In today’s fast-paced world, there are few things more frustrating than receiving an emoji from a friend that your device doesn’t recognize. What other profound visual iconography have you been missing out on since you skipped that latest software update?
Stories by Justin Joffe
Late last week, U.S. Justice Department special counsel Robert Mueller delivered two subpoenas to Jason Sullivan, a social media and Twitter marketer employed by former Donald Trump adviser Roger Stone during the 2016 U.S. presidential election campaign, raising the question as to whether or not incorporating bots into your social strategy is worth the risk.
The ride-share company has announced that it will no longer force victims of harassment and sexual assault into private arbitration. The move by Uber raises two questions: How far does this change in policy go toward repairing Uber’s reputation, and what does this mean for other companies with arbitration clauses?
Brian Fanzo, CEO of iSocialFanz, Work With The Coach CEO Nathan Pirtle, entrepreneur YesJulz and Snapchat pioneer Shonduras closed out the 2018 Social Shake-Up Show in Atlanta with a discussion about how influencer marketing partnerships can go wrong, and what it takes to make them worthwhile for all parties.
Brands are tapping influencers at an unprecedented rate. Yet influencer marketing is far from worry-free. Jennifer DelVecchio, entertainment marketing lead at The Coca-Cola Company, and Tracy Del Moral, director of marketing at OshKosh B’gosh, discussed working with macro-influencers and micro-influencers, respectively, during a panel at the Social Shake-Up Show.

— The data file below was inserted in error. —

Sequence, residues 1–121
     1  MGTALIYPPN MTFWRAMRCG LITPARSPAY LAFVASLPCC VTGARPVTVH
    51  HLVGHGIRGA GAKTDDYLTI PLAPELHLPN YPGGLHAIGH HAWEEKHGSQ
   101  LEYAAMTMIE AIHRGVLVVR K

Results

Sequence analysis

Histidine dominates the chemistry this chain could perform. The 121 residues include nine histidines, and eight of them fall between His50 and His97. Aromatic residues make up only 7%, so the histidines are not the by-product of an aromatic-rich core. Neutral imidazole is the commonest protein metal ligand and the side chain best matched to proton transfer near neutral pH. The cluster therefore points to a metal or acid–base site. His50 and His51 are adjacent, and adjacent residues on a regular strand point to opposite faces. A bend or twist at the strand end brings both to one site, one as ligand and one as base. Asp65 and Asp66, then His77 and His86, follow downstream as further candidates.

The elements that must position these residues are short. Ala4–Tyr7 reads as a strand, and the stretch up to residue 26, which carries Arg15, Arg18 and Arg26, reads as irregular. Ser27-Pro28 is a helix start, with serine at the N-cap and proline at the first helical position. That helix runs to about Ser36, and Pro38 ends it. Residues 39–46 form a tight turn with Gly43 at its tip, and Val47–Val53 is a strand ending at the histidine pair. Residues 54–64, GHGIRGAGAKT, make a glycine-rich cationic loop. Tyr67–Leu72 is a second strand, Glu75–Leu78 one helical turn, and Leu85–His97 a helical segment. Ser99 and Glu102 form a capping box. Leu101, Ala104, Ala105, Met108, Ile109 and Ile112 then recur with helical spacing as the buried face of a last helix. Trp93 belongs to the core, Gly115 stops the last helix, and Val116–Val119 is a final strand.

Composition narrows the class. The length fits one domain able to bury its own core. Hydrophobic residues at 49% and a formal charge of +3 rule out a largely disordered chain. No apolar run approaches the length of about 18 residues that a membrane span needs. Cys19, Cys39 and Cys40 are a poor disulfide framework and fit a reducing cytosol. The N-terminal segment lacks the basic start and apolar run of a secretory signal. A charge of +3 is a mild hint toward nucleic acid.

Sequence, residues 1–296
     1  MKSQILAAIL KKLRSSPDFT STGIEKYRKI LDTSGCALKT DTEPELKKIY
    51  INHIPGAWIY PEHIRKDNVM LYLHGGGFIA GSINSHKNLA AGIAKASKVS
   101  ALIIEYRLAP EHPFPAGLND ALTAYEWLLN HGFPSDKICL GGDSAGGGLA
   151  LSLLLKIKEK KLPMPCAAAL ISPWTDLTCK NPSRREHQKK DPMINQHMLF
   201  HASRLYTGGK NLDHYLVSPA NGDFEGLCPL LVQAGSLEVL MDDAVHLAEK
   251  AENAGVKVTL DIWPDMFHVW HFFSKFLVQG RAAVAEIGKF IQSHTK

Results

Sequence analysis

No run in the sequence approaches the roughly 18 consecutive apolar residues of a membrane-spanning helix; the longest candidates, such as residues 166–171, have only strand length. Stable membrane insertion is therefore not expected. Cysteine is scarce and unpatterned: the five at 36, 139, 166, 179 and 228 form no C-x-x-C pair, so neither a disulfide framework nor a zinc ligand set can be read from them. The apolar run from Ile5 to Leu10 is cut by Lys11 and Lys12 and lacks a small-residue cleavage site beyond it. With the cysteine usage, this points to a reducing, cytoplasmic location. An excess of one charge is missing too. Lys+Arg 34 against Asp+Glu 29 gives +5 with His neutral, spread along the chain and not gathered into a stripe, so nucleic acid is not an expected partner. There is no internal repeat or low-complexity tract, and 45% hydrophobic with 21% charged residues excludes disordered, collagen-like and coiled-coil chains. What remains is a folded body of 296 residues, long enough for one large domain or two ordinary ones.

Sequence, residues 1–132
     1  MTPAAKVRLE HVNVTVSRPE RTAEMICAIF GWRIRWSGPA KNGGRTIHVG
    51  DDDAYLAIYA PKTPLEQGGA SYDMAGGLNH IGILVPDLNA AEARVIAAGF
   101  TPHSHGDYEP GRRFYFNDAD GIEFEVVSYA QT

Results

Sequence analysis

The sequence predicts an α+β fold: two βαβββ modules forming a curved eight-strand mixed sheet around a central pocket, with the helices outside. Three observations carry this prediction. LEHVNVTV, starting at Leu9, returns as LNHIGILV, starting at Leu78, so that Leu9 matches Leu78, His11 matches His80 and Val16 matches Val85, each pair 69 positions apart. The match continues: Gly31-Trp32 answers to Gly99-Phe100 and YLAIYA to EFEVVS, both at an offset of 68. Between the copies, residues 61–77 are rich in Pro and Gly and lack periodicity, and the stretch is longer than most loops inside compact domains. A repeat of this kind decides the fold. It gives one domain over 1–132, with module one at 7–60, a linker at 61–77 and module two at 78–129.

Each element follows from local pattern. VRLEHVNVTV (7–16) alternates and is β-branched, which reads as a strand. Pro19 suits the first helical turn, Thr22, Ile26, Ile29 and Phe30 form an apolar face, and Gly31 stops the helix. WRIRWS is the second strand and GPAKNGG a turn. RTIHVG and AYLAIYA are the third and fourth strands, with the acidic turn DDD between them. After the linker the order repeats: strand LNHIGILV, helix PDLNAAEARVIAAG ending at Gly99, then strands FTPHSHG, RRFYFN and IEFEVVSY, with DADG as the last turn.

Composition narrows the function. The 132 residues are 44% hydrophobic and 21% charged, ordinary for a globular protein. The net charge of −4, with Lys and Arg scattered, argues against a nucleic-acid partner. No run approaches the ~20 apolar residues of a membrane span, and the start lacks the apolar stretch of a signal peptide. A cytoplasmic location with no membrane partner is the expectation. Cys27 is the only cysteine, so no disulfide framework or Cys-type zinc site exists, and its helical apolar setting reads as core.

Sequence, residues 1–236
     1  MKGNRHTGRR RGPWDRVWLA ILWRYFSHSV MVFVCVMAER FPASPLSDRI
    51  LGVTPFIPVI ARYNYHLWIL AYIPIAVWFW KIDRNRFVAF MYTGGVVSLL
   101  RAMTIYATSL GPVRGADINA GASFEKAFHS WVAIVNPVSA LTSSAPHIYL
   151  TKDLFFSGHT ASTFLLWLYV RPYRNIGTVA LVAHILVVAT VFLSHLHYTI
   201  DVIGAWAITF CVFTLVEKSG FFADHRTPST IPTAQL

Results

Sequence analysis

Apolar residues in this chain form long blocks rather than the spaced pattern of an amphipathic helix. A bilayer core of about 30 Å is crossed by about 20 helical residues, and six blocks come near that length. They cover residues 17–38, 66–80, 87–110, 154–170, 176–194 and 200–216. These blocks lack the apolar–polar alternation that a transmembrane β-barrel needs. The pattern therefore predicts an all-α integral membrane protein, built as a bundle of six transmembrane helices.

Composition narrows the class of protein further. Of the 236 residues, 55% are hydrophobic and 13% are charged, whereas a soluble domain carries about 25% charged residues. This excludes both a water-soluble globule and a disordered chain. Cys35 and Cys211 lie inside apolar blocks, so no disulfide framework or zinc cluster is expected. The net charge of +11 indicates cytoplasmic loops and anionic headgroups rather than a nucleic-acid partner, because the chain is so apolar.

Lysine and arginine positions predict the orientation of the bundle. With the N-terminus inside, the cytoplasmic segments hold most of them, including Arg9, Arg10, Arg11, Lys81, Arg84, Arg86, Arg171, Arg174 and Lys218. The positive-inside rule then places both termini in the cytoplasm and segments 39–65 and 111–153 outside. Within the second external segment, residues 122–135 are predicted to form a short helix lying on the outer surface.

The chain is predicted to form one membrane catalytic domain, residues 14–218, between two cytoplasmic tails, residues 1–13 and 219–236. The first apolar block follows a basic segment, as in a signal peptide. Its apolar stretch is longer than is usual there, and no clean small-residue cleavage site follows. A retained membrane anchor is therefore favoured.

“Crisis” can mean different things to different groups says Dan Kneeshaw, Walmart’s senior director of global associate communications, digital and enterprise initiatives. Kneeshaw spoke on “When All Hell Breaks Loose,” a panel focusing on how brands mitigate crisis on social media, at the 2018 Social Shake-Up Show in Atlanta. Here are three steps to effective crisis management that Walmart holds close.
Twitter got out in front of its own crisis, emailing its business customers about a bug that stored account passwords, unmasked, in an internal log. The bug left Twitter passwords exposed, and visible, to everyone within the company. Still, its statements raised a few important questions.
“We sometimes talk about the fact that a lot is changing in our world,” says Jennifer Dulski, who will be the keynote speaker at PR News’ Social Media Awards luncheon on May 23 in New York. “But there are also some things that really don’t change—human nature, the desire for connection, the desire to make change and make the world better. Technology just makes them easier.”
It’s no surprise that the number of Michelle Wolf’s Twitter followers tripled over the past several days. As far as timely publicity stunts go, putting provocative words to things many are thinking but few are saying is succeeding in both politics and entertainment. For now, that tactic is not an option for brand communicators, who can only watch as their content drowns in a sea of outrage and affirmation.
Starbucks found itself in hot water that had nothing to do with brewing coffee when the manager at a downtown Philadelphia location called the police on two black men who were sitting in the shop, waiting for a colleague to show. For communicators, this crisis offers substantial takeaways about the power of social listening and the need for timely accountability.